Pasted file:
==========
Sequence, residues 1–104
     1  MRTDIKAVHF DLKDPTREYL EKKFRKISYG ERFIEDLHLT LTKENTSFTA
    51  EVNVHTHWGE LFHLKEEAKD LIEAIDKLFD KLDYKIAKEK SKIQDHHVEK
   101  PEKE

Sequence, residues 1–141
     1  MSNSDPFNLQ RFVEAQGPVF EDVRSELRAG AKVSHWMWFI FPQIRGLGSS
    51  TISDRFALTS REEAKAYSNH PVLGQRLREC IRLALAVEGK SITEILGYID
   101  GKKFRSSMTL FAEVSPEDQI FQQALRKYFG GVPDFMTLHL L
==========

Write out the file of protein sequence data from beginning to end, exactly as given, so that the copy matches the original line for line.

Sequence, residues 1–104
     1  MRTDIKAVHF DLKDPTREYL EKKFRKISYG ERFIEDLHLT LTKENTSFTA
    51  EVNVHTHWGE LFHLKEEAKD LIEAIDKLFD KLDYKIAKEK SKIQDHHVEK
   101  PEKE

Sequence, residues 1–141
     1  MSNSDPFNLQ RFVEAQGPVF EDVRSELRAG AKVSHWMWFI FPQIRGLGSS
    51  TISDRFALTS REEAKAYSNH PVLGQRLREC IRLALAVEGK SITEILGYID
   101  GKKFRSSMTL FAEVSPEDQI FQQALRKYFG GVPDFMTLHL L